ESS:
ESS and CERN collaborate in the development of accelerator technology for ESS. How can the construction and operation of the world’s next-generation neutron science facility contribute back to CERN?
 
Heuer:
You see, I think that everything that we are doing, we cannot do alone. We need collaborators, we need universities, we need other institutes where forefront technology is designed and tested. So I think the flow back to CERN is through the people who are trained in a, for us, relevant technology or in working with such projects. Some of them are later coming back to CERN, some of them stay with their new project, and some of them go elsewhere. It is this educational and training aspect—when you develop something for ESS, something which is not of immediate use for CERN, but could well be of use in the near- or medium-term future—that will then come back to us. For this reason, it is absolutely vital to have these collaborations. The experts who serve the ESS project at the moment will after that be serving other institutes, including CERN. It’s very important to share. If you have expertise at CERN which can be used at ESS, why not share that. Then ESS will be sharing back to CERN. After all, what we want to do is science.
 
ESS:
ESS is now transitioning to the new legal framework of a European Research Infrastructure Consortium, an ERIC, which is a legal framework of the European Commission still finding its form and where ESS can contribute to improve the politics and administration of research infrastructures and multilateral collaboration. Do you have any advice or pressing matters that you would like ESS to address in this context?
 
Heuer:
Well, I have an easy way out of this and that is the CERN convention. The CERN convention was written down more than 60 years ago and it has stood the test of time. I haven’t looked very closely into the framework of the ERIC, but what I find with the CERN convention is that it defines the necessary but not more. So it doesn’t bureaucratise things tremendously. You can adjust your governance to some extent over the course of the years and since the whole world is evolving you need to adjust from time to time. What I like with our convention is the easiness and the clarity and effect that it doesn’t nail down everything to the last comma or the last stop. I would doubt that you could do that again in these times, to have such a relatively flexible convention. It has worked in such a way that we have an ever-increasing membership and we are flexible enough to accommodate associate members, etc. There’s a lot of flexibility in this governance model. So for me, the CERN convention is the best example.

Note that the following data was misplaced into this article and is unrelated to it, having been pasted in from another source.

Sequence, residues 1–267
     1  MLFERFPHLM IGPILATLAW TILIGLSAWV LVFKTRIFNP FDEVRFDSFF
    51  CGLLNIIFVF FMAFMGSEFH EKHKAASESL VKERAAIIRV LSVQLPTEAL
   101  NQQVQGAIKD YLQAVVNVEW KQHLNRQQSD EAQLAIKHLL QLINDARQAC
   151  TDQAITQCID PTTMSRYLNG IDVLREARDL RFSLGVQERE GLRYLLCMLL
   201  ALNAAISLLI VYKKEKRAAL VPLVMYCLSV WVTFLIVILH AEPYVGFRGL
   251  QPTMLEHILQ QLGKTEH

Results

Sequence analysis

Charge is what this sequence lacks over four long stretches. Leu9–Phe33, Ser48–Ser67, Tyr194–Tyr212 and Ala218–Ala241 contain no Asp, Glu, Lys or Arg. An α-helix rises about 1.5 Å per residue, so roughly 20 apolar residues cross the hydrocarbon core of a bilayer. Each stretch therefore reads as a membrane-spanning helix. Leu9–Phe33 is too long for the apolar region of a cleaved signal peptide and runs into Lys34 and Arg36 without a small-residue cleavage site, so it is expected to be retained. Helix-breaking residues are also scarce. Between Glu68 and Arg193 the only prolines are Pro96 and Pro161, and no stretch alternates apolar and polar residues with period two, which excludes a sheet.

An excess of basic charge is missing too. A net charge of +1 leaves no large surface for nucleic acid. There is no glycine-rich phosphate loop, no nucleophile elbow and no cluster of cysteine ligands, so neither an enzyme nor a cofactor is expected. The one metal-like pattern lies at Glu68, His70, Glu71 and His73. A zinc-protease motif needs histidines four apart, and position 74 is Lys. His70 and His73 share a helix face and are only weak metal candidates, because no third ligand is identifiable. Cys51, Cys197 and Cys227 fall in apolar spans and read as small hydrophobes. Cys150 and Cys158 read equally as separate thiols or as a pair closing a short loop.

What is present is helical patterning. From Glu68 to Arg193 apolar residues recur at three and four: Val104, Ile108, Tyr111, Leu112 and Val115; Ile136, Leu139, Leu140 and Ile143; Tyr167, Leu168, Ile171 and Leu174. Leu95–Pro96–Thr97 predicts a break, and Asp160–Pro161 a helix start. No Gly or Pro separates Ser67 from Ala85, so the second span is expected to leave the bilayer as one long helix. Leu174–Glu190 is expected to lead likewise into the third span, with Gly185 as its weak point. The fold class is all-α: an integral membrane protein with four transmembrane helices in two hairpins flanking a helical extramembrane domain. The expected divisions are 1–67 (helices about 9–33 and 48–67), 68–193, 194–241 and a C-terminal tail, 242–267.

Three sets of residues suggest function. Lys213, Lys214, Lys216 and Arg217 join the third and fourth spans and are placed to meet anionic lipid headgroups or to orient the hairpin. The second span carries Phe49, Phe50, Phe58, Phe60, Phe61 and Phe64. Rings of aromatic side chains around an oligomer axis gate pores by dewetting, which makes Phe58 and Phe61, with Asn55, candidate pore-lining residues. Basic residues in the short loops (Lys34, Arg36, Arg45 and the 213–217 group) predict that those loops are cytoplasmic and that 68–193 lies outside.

"ESS should always keep in mind that ESS is not a stand-alone facility. ESS, like CERN and other facilities, like everybody essentially, is part of society."
 
ESS:
So projects need flexibility on one hand, but on the other, stakeholders investing in large expensive projects want to minimise risk and tend to require almost everything not only fully planned to the last detail, but almost having the entire project delivered and realised before they dare to invest?
 
Heuer:
Exactly, that’s what I mean. Today, governance models are setting boundary conditions too tightly. My advice is to try to convince people that they should have more flexible boundary conditions. If you have a too rigid framework, you will have a problem particularly for research. A rigid framework might be useful for certain sectors, certain enterprises, but for research you definitely need some flexibility. I mean, what do you need? You need rigid conditions concerning things like procurement, finance, legal administration, etc., because you have to be absolutely free of conflict of interest. But what concerns directions, moving for example material resources into personnel, or human competence into material resources, there I think the management team and the project leaders have to have enough freedom to adjust according to the changing needs of a project. I mean, it’s the first ESS that you are building! You need this flexibility. This is something that I think is sometimes ignored by administrators.
 
ESS:
After the success with the construction of the Large Hadron Collider (LHC) and validating the theory of the Higgs boson, what is CERN’s current mission? What are your challenges right now?
 
Heuer:

We have restarted the LHC for higher energy. This means you can study the Higgs boson in more detail. You have to learn the behaviour of that particle, you have to investigate it in much more detail in order to learn about its true nature, its true behaviour, because the Higgs boson completes just five percent of the knowledge of our Universe. That is the five percent of our visible Universe, and any deviation in the property of the Higgs boson in the expectation of the visible world could tell us something about the dark Universe, the dark matter, the dark energy. So, we have a program for 20 years to study this particle. In addition, LHC could now with the higher energy also maybe open a window into discovery of particles beyond the Standard Model in order to understand more about the rest of the Universe.


The ESS workshop at Almedalen, Så skapas världsledande forskning, will take place Monday, June 29, from 14:00-19:00. The location in Visby is: Släggan, Volters gränd 8.